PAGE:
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VISION 2020 and Me: Advocacy and Vision 2020 Australia

Published: 17.12.2020
Jennifer Gersbeck Executive Director – Global Advocacy
The Fred Hollows Foundation
Jennifer Gersbeck

When I stepped down as CEO of Vision 2020 Australia four years ago, I reflected on all that had been achieved through collaborative action over the past decade and was proud the organisation was recognised by the Australian Parliament as the credible and respected national peak body for eye health and vision care.

The long road

That was not the case back in October 2004 when I first joined. In fact, my initial meeting with the Australian Government was a wake-up call in many ways. It was clear that if Vision 2020 Australia was to be effective and lead advocacy efforts on behalf of its members, we needed to gain the respect of not just the government, but the many parties and independent members of the Australian Parliament. There was a long road ahead.

The first step was to strengthen collaboration and unity among Vision 2020 Australia members so we could speak with one voice and become a force to be reckoned with. We set up mechanisms for sharing information, debating issues and, importantly, reaching consensus on key policy positions. Within a relatively short period we were in a position to demonstrate the strength of collaboration within the Australian eye health and vision care sector.

Next we needed a way to easily access key policy decision-makers and influencers so we could raise awareness of eye health and build support for priority issues identified by the sector. In addition to the usual meetings with individual Ministers and Members of Parliament, we wanted to find a way to build bi-partisan support across the Australian Parliament to ensure we didn’t fall victim to electoral changes in government, providing greater sustainability for eye health policy and funding.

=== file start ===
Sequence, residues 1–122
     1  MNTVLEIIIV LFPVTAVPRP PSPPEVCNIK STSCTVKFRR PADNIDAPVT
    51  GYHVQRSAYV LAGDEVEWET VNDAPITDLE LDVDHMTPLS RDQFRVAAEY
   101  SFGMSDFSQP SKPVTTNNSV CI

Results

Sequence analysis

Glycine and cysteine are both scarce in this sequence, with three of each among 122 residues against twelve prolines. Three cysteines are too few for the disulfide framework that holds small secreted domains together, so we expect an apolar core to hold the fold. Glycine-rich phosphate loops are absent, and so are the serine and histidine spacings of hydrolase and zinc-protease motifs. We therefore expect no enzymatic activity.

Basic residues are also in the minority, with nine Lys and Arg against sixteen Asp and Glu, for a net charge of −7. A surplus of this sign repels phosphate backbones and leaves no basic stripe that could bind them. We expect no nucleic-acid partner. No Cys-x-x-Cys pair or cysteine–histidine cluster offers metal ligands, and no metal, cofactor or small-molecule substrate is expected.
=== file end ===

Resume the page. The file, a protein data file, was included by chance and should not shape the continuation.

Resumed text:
Bi-partisan ‘friendships’

V2020 Aus EventThe Australian Parliament, like many parliaments around the world, allows parliamentarians from across different political parties to form ‘friendship’ groups on a range of topics. We decided that forming a Parliamentary Friends Group for Eye Health and Vision Care would be an excellent advocacy platform and provide us with the opportunity to gain bi-partisan support.
The first task was to identify two politicians from the Government and Opposition who would be prepared to be co-Chairs of the Group and inspire their political colleagues to join the group – this took some time. However, it was well worth the effort! After nearly two years of lobbying, in 2008, the Parliamentary Friends Group was formed and we held our first event – a dinner in Parliament House Canberra, Australia. Right from the beginning it was clear this advocacy initiative was a huge success and over the years gained a reputation around Parliament House as the event to attend! These events continue to be a major drawcard for Australian Parliamentarians, government officials and representatives of the eye health and vision care sector.